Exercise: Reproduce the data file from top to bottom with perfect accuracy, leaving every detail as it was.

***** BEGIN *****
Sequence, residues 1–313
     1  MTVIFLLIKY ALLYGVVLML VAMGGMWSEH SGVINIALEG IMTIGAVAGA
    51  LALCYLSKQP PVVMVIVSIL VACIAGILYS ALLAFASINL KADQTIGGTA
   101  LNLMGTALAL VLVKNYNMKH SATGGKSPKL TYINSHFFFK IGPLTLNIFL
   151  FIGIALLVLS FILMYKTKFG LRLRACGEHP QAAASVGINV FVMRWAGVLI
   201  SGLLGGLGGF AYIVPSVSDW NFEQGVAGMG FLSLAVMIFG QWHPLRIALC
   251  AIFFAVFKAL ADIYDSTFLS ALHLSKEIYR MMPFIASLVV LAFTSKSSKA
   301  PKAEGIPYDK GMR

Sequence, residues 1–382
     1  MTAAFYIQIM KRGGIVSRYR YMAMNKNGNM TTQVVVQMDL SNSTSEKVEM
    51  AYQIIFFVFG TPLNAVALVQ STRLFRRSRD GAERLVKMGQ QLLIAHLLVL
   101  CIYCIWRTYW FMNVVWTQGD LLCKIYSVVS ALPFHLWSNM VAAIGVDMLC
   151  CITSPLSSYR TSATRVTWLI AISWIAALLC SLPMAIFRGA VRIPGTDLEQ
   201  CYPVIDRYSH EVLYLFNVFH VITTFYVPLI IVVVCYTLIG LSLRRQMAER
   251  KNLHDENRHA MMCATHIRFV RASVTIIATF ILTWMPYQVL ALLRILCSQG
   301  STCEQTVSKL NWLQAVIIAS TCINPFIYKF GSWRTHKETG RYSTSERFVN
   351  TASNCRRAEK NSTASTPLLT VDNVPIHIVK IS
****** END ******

Sequence, residues 1–313
     1  MTVIFLLIKY ALLYGVVLML VAMGGMWSEH SGVINIALEG IMTIGAVAGA
    51  LALCYLSKQP PVVMVIVSIL VACIAGILYS ALLAFASINL KADQTIGGTA
   101  LNLMGTALAL VLVKNYNMKH SATGGKSPKL TYINSHFFFK IGPLTLNIFL
   151  FIGIALLVLS FILMYKTKFG LRLRACGEHP QAAASVGINV FVMRWAGVLI
   201  SGLLGGLGGF AYIVPSVSDW NFEQGVAGMG FLSLAVMIFG QWHPLRIALC
   251  AIFFAVFKAL ADIYDSTFLS ALHLSKEIYR MMPFIASLVV LAFTSKSSKA
   301  PKAEGIPYDK GMR

Sequence, residues 1–382
     1  MTAAFYIQIM KRGGIVSRYR YMAMNKNGNM TTQVVVQMDL SNSTSEKVEM
    51  AYQIIFFVFG TPLNAVALVQ STRLFRRSRD GAERLVKMGQ QLLIAHLLVL
   101  CIYCIWRTYW FMNVVWTQGD LLCKIYSVVS ALPFHLWSNM VAAIGVDMLC
   151  CITSPLSSYR TSATRVTWLI AISWIAALLC SLPMAIFRGA VRIPGTDLEQ
   201  CYPVIDRYSH EVLYLFNVFH VITTFYVPLI IVVVCYTLIG LSLRRQMAER
   251  KNLHDENRHA MMCATHIRFV RASVTIIATF ILTWMPYQVL ALLRILCSQG
   301  STCEQTVSKL NWLQAVIIAS TCINPFIYKF GSWRTHKETG RYSTSERFVN
   351  TASNCRRAEK NSTASTPLLT VDNVPIHIVK IS